Half of Americans use a smartphone for work

During the pandemic, the rapid flight to health, safety, and remote work caught many employers’ IT departments unprepared. Many workers did not have employer-provided computers or even home-owned ones, although the majority had smartphones. At the same time, much of the online population was already migrating many of their everyday activities away from computers to smartphones. Consequently, roughly half of online adults in the US and UK, and over 40% of those in Germany and Japan, regularly use their smartphones for work-related activities.
This MetaFAQ reports on the percentage of online adults that use a smartphone for a range of work-related activities, from checking email and participating in online meetings to phone and video calls. Report [TUP_doc_2024_0123_spwt] in TUP Lenses: Mobile Phones; Activities; Communication; Work/Life Balance

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Half of Americans use a smartphone for work

Half of Americans use a smartphone for work – Over half of online American adults utilize smartphones for various work tasks, from emails to videoconferencing. One in six American workers relies solely on a smartphone. Another quarter have all three: a smartphone, computer and tablet, and 80% of these rely on smartphones for work activities. Interestingly, half lack employer-provided computers.

This MetaFAQs reports on the percentage of online adults regularly using a smartphone for work-related activities. Report [TUP_doc_2023_1125_spwr] in TUP Lenses: Mobile Phones; Activities; Communication; Work/Life Balance

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Simplicity coalesces with smartphones

The long-term trend towards actively juggling many connected devices has reversed. It has even slid as users consolidate their activities on a smartphone. Furthermore, people use their devices for a narrower range of activities, simplifying their device collection and what they do with them.

Many users shifted to using a notebook and smartphone only to continue their shift using their notebooks less than before. Tablets offered to combine the best of computers and smartphones but instead have fallen into a gap between them. Meanwhile, the majority of people have migrated their activities onto their smartphones. Some of the motivation has been a quest for simplicity, although, in fact, convenience has driven more people. Economics have also played a part, spurred by the many shifts in work in response to the pandemic.

Only ten years ago, the average online adult regularly used as many as four types of devices, most frequently using a home computer, work computer, smartphone, and tablet. Although computers are still in active use, when they are being used, many have been relegated to specific tasks, such as shopping, watching videos, or intensive games.

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Trends in webcam and video calls/meetings usage

Are video calls and meetings as widespread as tech media implies? How much have webcams and video calls and meetings reached into the everyday experience of the average online adult? This MetaFAQs reports on the usage trend since before the pandemic for online adults in the US, the UK, Germany, and Japan. It further splits video calling/conferencing by smartphone, home PC, or work PC. Furthermore, because change has not affected everyone the same, it details the trend among life stage segments – employment status, age group, and presence of children.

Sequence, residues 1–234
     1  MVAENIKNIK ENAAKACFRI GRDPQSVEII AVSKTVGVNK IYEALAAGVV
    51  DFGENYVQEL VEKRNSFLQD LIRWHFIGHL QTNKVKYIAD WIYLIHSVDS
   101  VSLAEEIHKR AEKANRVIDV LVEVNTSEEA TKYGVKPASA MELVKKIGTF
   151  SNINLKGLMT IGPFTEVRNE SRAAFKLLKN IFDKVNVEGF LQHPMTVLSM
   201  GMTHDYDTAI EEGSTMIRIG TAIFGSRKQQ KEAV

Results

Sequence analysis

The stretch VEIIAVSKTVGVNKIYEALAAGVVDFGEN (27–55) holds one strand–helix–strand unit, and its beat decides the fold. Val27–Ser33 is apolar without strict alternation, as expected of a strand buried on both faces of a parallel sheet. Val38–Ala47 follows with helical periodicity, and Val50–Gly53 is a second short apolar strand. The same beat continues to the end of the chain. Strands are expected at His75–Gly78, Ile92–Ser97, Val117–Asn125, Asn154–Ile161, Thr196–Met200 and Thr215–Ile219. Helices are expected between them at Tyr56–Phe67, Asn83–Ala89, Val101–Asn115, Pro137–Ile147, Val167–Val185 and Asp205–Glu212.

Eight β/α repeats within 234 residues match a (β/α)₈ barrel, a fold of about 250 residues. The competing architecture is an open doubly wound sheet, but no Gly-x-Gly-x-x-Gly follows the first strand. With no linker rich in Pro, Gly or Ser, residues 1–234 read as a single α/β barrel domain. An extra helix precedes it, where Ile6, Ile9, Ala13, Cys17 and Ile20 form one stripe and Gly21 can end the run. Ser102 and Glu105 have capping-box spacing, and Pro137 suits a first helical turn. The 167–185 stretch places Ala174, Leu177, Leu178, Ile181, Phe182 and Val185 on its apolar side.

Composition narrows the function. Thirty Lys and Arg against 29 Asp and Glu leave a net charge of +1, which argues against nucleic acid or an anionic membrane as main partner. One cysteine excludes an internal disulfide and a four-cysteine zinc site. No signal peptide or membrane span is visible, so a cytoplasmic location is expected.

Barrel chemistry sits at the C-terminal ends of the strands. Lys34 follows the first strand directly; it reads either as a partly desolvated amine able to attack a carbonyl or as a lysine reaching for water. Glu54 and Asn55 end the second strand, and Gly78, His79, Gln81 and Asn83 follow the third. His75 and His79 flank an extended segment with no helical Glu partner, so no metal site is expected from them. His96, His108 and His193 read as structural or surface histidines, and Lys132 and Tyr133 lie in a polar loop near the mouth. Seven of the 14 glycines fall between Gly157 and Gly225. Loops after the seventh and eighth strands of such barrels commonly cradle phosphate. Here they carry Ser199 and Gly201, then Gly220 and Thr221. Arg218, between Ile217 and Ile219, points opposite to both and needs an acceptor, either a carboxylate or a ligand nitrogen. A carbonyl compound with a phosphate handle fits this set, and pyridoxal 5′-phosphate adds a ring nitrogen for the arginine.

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Profile of Americans who regularly participate in video meetings

After the emergence of COVID and the rise of increasingly hybrid and remote work environments–are video meetings the new normal? 38% of all online American adults, or 83.8 million, regularly participate in video meetings. This MetaFAQs profiles those who regularly participate in video meetings by several critical demographic and behavioral factors distinctive from the average American online adult: age and gender; employment status; life stage (age, employment status, presence of children); the number of PCs used and technology ecosystem entrenchment. Report [TUP_doc_2022_0722_mode] in TUP Lenses: Activities, Communication.

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Profile of Americans who regularly participate in video calls

As video plays an increasing role in our daily lives across social media and other communication platforms, it’s no surprise that video calls are also becoming more and more mainstream. 55% of all online American adults report regularly participating in video calls. This MetaFAQs profiles regular video call participants by several critical demographic and behavioral factors distinctive from the average American online adult: age and gender; employment status; life stage (age, employment status, presence of children); and technology ecosystem entrenchment. Report [TUP_doc_2022_0715_mode] in TUP Lenses: Activities, Communication.

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Usage guidelines: This document may be freely shared within and outside your organization in its entirety and unaltered. It may not be used with a generative AI system without separate licensing and express written permission. To share or quote excerpts, please contact MetaFacts.